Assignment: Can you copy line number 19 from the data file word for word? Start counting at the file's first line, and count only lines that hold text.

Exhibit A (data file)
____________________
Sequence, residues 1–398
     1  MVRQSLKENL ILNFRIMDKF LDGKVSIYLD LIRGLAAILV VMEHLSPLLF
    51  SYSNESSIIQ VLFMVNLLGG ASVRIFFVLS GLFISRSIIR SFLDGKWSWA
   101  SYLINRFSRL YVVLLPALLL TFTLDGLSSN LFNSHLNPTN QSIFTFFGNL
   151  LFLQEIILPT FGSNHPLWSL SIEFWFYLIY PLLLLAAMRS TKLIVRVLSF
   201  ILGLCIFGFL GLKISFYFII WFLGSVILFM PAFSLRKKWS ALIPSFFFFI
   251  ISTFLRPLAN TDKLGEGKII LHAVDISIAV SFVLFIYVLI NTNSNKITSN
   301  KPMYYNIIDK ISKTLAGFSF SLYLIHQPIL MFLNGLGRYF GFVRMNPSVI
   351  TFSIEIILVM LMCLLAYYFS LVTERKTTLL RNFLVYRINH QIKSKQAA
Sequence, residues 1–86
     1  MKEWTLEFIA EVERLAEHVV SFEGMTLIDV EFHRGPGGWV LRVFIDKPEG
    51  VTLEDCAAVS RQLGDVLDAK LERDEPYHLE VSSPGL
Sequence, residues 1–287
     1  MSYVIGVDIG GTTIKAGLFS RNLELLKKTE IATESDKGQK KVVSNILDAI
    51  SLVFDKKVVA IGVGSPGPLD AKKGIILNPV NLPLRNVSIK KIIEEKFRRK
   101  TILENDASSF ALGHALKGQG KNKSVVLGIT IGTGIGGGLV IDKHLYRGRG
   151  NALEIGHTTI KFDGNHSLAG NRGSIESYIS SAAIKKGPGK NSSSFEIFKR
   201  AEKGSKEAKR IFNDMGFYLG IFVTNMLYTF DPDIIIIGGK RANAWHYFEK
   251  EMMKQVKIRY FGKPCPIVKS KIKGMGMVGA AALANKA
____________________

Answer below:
   251  EMMKQVKIRY FGKPCPIVKS KIKGMGMVGA AALANKA